As best I could tell, the main lumped impedance contribution from the stators is a small inductor(ie mass).
Once you start using diaphragms thinner than 1/4mil(6uM) it starts to to dominate the roll-off behavior.

Quote:
Originally Posted by Marik View Post
We also have an equivalent inductance of the opening aperture (holes in the stators), and equivalent capacitance of the air trapped in the chamber formed between stators and diaphragm. The resulting resonant frequency=1/2pi x √LC
Understood, the stator holes act like little slugs of mass(inductance) and their contribution can be quantified using peforated plate formulas in Beranek. As far as the idea of the stator and diaphragm forming a chamber that would have stiffness the slugs of air could resonate with in the top octave...I'm having a hard time thinking that is the case. I'd be more inclined to think any stiffness would just be included as part of the capacitor modeling the diaphragm stiffness due to tenstion. This resonates with the sum of the lumped masses(inductance) which include diaphragm mass, reactive part of radiation impedance, and the stator holes.

But, it is easy to test if there is a resonance in the top octave. We should see the phase wrap if it passes thru a resonance. I don't recall seeing this in any of my measurements, but I wasn't exactly looking for it either.

Question...if this was the case, would you expect to see a similar resonance in the top end of all ESL speakers? I'm 99% sure this is not the case for ESL speakers where the diaphragm is the driving force rather than the air motion thru the stators. I've been surprised before by the difference in behavior when a transducer is used as a microphone vs a speaker, so keeping an open mind...it's the only way to learn
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Old 5th March 2013, 04:56 PM   #29
Bazukaz is offline Bazukaz  Lithuania
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Quote:
Originally Posted by Marik View Post
We also have an equivalent inductance of the opening aperture (holes in the stators), and equivalent capacitance of the air trapped in the chamber formed between stators and diaphragm. The resulting resonant frequency=1/2pi x √LC

Best, M
I am not sure if this effect could occur in audio frequencies, but remember some people have reporting problems when stators are too thick compared to hole size. It is reported that stators should be thin enough(in the order of 1 mm) with holes ~>2mm or so. However I have never seen a proof of any kind that negative effects are caused by resonance of air inside cavity and not too high air resistance.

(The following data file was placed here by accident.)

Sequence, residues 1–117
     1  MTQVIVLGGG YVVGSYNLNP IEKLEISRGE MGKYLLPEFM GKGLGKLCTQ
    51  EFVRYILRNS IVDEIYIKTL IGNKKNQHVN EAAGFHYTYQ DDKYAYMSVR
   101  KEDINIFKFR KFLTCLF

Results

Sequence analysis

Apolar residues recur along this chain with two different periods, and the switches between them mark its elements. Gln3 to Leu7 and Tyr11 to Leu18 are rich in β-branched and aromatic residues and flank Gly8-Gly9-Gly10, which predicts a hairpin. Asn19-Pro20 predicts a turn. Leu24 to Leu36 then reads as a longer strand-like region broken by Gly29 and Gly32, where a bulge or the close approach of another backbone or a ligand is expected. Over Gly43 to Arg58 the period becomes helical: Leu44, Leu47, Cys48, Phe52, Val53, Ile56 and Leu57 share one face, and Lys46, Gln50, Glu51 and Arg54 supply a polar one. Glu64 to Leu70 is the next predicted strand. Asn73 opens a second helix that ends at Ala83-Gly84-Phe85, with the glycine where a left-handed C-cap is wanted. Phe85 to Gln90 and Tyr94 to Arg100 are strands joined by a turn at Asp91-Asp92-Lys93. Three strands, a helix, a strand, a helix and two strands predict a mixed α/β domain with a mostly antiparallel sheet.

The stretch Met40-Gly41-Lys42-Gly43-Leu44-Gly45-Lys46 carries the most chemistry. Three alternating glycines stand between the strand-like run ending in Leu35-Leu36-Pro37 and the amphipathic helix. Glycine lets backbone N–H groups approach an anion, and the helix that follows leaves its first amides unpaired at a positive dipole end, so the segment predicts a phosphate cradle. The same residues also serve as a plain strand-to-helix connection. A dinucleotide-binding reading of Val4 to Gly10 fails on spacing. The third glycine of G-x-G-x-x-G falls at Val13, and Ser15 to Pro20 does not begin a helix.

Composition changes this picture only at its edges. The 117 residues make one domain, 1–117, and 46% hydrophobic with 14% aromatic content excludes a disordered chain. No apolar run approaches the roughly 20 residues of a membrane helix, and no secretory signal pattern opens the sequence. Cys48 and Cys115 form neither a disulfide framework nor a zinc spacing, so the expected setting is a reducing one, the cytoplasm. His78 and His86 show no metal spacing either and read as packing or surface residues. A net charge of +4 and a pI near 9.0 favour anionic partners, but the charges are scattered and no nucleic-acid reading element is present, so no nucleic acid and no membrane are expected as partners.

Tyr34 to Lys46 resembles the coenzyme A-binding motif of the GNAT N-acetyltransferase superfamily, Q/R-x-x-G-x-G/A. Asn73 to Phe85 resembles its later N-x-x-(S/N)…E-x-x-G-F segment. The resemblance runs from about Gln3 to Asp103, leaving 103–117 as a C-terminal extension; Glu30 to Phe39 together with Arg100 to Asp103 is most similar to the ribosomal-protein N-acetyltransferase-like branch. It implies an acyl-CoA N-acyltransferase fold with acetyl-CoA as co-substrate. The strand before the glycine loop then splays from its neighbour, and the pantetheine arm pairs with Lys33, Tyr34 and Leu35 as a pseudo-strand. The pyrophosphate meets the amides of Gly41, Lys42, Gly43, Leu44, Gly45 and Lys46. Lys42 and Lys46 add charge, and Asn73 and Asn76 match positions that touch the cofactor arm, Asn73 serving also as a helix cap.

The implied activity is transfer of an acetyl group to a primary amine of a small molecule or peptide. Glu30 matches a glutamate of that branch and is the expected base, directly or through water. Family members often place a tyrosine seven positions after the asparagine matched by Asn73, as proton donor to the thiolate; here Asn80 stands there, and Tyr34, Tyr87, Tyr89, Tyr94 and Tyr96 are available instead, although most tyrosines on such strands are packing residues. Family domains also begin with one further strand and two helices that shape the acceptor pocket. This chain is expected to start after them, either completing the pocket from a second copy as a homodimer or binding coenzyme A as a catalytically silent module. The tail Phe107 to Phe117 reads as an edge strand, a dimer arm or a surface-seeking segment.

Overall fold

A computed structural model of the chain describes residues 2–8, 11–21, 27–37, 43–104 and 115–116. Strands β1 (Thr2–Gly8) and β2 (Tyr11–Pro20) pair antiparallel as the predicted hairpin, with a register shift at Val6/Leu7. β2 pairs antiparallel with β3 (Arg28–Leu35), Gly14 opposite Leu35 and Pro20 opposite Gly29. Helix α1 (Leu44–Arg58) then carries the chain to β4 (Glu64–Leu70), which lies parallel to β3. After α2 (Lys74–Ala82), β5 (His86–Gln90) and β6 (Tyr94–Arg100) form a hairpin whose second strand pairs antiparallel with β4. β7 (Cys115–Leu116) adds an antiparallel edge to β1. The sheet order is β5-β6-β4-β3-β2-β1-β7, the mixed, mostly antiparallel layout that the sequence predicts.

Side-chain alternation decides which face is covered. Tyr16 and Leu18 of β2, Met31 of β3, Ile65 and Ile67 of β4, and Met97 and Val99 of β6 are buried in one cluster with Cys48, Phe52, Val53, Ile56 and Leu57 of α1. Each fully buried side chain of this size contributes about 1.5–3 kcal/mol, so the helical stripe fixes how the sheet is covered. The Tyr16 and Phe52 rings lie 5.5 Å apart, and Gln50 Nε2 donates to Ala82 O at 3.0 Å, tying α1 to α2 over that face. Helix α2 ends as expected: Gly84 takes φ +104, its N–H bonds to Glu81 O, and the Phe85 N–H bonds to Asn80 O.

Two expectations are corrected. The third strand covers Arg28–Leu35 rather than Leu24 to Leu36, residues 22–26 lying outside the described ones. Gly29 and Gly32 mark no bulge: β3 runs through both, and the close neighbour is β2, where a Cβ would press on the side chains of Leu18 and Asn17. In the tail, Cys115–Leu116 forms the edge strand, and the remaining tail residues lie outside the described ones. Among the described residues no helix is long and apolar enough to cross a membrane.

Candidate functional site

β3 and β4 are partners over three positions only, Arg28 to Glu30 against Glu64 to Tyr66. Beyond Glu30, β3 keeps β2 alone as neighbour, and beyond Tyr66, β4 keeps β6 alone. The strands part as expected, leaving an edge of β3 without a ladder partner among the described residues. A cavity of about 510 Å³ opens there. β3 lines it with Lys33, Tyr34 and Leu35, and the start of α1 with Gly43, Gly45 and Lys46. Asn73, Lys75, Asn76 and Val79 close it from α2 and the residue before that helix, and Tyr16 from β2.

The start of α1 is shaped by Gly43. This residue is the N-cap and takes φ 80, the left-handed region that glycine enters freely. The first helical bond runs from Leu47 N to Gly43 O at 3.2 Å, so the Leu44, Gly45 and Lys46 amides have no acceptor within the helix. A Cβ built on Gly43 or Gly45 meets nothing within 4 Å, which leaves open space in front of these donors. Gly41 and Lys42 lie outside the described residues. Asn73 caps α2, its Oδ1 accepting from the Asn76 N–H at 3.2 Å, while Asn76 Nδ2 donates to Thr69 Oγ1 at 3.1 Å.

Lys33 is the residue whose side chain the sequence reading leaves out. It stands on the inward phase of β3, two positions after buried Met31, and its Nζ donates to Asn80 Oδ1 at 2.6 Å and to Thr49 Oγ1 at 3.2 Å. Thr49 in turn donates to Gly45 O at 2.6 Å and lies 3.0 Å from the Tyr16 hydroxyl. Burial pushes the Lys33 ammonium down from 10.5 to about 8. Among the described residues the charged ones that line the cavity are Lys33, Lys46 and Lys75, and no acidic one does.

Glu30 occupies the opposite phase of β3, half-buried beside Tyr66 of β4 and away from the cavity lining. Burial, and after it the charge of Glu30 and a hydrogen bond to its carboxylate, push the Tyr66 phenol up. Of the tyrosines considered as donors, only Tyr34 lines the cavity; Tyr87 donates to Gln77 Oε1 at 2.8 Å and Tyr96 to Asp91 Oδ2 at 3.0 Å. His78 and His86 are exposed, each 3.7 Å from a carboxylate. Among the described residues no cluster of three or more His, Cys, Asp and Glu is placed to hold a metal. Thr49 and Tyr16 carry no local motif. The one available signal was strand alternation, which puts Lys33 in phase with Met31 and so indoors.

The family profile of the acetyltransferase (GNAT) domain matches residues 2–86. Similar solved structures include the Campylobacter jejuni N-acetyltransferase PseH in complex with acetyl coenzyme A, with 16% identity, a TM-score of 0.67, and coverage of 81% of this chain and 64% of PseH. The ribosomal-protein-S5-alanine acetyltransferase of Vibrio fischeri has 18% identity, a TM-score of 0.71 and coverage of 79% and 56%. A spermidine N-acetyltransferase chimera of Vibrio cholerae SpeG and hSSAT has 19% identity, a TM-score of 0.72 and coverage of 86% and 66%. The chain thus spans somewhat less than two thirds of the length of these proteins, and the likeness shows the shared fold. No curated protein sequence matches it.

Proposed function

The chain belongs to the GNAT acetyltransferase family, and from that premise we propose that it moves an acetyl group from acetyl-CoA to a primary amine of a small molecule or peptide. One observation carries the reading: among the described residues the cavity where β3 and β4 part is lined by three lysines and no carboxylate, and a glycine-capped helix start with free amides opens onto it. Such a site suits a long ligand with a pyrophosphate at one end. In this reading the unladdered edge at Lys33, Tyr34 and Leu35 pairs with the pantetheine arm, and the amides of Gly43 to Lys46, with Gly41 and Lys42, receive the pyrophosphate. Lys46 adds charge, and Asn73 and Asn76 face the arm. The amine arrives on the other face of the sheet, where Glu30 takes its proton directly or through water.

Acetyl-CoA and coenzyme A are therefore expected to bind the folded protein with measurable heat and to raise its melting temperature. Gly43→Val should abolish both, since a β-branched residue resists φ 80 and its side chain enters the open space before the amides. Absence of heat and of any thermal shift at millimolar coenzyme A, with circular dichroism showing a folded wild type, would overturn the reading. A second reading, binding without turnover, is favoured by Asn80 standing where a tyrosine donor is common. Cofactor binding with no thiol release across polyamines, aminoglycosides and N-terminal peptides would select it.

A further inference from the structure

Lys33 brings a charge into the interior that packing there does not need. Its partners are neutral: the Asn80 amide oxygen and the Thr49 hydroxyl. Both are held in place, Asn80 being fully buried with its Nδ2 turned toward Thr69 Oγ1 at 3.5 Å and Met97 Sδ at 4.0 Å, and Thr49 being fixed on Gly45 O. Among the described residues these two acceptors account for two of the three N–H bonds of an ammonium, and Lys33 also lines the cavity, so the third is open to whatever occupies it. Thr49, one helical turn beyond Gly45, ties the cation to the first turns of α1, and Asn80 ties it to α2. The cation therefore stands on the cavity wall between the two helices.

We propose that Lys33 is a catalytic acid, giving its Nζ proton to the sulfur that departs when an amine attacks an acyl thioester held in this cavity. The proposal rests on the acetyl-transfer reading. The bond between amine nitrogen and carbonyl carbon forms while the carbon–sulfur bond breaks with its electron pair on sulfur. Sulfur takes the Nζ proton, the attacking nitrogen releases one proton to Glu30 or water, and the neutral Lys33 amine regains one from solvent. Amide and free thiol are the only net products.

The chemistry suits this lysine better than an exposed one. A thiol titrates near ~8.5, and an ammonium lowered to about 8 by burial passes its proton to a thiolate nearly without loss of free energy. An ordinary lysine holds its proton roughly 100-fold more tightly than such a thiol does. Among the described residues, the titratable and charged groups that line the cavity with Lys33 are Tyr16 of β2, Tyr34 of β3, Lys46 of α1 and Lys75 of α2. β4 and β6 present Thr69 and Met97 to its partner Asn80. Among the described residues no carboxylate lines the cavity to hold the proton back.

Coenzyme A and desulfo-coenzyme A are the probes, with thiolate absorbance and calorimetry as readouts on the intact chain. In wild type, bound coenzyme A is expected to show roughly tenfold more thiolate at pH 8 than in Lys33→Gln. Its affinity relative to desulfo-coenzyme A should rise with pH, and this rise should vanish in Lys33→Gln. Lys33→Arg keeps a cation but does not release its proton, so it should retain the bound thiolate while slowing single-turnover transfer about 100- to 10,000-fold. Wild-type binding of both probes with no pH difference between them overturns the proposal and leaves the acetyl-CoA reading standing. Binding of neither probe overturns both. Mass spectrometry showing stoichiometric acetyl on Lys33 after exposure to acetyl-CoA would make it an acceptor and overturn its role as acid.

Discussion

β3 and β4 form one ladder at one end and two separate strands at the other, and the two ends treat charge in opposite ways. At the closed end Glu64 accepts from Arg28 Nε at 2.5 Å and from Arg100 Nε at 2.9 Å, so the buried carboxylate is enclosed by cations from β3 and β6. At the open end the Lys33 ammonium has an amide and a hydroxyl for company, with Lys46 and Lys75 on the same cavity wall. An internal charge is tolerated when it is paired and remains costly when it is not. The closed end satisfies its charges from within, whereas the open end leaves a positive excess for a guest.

Basically theoretical prediction should be backed up by measurements of some sort availability of which I do not know.
I think modeling these effects theoretically would be insanely difficult as we have gas which behaves like fluid, so not only open area matters, but hole size, spacing between holes, its shape, sharpness of the edge etc etc.

Regards,
Lukas.

Last edited by Bazukaz; 5th March 2013 at 04:59 PM.
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Old 5th March 2013, 08:59 PM   #30
Marik is offline Marik  United States
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Quote:
Originally Posted by bolserst View Post
Understood, the stator holes act like little slugs of mass(inductance) and their contribution can be quantified using peforated plate formulas in Beranek. As far as the idea of the stator and diaphragm forming a chamber that would have stiffness the slugs of air could resonate with in the top octave...I'm having a hard time thinking that is the case. I'd be more inclined to think any stiffness would just be included as part of the capacitor modeling the diaphragm stiffness due to tenstion. This resonates with the sum of the lumped masses(inductance) which include diaphragm mass, reactive part of radiation impedance, and the stator holes.